The fact that the matrix $A$ is only semi-definite and not positive-definite is significant because many quadratic programming algorithms are specialized to solve only positive definite problems. For example, R’s quadprog handles only positive definite problems, whereas solvers like kernlab’s ipop method can handle semidefinite problems. In the specialized semidefinite case of SVM, many highly optimized algorithms exist (for example, the algorithms implemented in libsvm and liblinear). In the following gist, we solve a separable SVM problem for Fisher’s iris data in three ways:

- Using the e1071 wrapper around libsvm.
- Using the semi-definite ipop solver from kernlab. Note that this general interior point solver is implemented in R and it can be quite slow when applied to larger scale problems.
- Using quadprog’s positive definite solver with a slight perturbance to the SVM data so that the system matrix becomes positive definite. Quadprog is a wrapper around an interior point solver implemented in Fortran.

Note that only the first method is recommended for solving SVM problems in real life. The second and third methods are only included for the sake of the demonstrating the mechanics of quadratic programming.

We see that all three methods generate quite similar solutions for this highly stable and quite simple problem.

As another example of the SVM technique, here is a minimal example that uses SVM to classify topics in the Reuters21578 corpus.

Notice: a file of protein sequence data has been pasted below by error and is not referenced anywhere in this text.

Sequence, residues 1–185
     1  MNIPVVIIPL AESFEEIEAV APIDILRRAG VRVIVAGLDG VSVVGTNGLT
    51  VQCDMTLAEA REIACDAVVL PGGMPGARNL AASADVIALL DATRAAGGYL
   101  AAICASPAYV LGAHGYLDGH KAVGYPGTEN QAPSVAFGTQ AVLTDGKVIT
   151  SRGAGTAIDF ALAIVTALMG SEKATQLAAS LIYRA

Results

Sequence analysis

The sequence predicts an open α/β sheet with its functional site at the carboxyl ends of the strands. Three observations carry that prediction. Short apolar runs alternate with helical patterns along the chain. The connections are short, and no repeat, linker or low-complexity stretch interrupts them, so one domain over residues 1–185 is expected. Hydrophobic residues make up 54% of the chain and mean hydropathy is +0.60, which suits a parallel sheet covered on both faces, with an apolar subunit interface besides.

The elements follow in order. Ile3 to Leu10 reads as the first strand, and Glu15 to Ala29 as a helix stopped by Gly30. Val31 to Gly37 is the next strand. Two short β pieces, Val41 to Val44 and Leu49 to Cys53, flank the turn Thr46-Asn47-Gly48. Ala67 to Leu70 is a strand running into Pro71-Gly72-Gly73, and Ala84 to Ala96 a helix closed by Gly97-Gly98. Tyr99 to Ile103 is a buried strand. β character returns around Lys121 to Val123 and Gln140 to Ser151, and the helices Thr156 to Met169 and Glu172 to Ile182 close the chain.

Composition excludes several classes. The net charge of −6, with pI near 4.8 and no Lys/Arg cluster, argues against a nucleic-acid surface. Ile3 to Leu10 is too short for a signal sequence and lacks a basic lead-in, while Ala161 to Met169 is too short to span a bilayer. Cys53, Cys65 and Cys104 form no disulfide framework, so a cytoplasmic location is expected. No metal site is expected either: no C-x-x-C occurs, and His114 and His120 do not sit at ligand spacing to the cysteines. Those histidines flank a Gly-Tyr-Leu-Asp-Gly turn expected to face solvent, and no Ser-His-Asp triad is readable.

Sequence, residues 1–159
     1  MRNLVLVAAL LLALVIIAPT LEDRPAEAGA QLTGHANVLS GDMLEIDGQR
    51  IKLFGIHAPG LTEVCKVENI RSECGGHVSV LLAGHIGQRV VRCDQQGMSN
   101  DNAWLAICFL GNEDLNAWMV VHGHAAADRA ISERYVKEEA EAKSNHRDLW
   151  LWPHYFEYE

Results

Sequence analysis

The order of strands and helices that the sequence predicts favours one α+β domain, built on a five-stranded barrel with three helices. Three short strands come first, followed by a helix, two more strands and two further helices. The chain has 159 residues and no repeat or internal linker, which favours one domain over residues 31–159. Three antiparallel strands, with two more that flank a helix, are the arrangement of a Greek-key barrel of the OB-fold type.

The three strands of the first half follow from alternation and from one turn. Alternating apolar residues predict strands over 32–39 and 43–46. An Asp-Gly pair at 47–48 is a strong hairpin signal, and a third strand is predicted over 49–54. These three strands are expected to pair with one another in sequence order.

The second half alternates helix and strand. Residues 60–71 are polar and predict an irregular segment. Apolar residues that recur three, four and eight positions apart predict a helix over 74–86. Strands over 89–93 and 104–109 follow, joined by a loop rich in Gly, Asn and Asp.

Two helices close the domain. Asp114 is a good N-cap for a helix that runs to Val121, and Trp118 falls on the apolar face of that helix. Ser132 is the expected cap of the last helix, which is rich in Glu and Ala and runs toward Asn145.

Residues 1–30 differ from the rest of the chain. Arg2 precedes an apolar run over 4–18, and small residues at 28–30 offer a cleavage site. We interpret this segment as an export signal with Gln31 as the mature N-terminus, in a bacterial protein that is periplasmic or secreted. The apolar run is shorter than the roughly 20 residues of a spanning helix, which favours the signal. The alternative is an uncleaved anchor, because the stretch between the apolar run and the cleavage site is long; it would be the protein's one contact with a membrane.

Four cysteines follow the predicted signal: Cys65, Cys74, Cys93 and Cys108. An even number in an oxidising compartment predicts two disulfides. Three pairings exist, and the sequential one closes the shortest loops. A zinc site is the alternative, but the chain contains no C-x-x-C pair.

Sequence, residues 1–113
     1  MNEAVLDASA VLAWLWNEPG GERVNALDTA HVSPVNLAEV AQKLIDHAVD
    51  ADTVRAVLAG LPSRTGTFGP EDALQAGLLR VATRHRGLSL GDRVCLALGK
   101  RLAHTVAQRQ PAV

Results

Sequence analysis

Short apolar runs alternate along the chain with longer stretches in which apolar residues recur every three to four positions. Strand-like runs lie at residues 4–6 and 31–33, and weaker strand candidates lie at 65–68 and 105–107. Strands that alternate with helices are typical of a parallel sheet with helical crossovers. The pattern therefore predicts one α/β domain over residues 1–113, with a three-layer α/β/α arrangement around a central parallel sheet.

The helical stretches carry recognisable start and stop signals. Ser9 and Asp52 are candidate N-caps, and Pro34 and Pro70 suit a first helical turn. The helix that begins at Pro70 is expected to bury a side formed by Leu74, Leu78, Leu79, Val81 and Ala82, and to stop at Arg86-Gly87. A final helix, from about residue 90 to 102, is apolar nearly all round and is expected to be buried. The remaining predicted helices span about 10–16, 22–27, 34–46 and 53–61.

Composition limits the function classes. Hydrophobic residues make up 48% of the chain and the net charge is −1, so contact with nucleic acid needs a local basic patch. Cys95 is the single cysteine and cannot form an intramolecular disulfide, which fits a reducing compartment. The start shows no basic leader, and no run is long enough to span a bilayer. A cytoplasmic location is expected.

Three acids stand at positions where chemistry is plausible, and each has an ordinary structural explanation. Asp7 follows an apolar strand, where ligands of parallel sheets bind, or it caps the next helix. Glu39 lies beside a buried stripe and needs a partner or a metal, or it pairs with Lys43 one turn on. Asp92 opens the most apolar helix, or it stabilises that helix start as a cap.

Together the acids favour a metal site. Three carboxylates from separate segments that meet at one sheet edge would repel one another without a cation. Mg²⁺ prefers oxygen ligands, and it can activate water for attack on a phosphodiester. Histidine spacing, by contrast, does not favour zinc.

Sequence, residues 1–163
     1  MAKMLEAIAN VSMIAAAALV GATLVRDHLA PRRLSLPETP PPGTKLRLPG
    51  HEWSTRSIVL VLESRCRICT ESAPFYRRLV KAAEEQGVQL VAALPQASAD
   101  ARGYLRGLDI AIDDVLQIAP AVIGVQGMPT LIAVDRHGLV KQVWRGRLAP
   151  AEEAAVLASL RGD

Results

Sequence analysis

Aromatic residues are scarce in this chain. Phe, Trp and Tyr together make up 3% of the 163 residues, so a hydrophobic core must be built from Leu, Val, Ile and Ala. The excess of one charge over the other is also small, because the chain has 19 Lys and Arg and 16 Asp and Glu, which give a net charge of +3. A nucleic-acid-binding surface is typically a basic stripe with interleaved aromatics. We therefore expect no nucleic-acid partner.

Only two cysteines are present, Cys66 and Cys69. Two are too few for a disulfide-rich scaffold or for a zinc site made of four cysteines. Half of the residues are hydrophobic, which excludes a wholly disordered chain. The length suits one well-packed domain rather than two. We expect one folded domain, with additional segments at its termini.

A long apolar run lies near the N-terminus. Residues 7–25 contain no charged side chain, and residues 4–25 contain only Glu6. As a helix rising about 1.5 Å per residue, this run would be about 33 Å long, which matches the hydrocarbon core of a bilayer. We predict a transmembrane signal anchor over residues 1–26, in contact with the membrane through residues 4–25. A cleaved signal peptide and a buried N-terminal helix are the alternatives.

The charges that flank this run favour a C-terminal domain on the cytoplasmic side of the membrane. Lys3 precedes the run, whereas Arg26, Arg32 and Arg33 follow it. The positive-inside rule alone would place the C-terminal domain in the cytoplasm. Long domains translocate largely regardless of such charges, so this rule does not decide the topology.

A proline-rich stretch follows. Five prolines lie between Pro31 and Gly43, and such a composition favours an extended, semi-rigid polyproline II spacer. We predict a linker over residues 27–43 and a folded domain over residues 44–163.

# The Circus Tent Revisited

In a previous post, I explained how the solution of a quadratic program can model the shape of a circus tent.

The system matrix in the circus tent problem is symmetric positive definite and therefore an ideal candidate for the quadprog solver. In the gist below, we build a series of increasingly larger circus tent problems and use this to profile the solver times of ipop and quadprog.

From this simple experiment we can make the following observations:

- For this symmetric positive definite problem, quadprog’s solver is significantly faster than ipop. This is not surprising given that quadprog is calling compiled Fortran routines whereas ipop is an R implementation.
- The time complexity for both solvers is superlinear in the problem size. Roughly, both solvers appear to be nearly cubic in problem size.
- Even though both the system and constraint matrices are sparse, neither solver is able to take advantage of sparse matrix representations. In a pinch, it’s worth noting that a little memory can be saved by using quadprog’s solve.QP.compact which utilizes a more compact representation of the constraint matrix $\mathrm{Amat}$.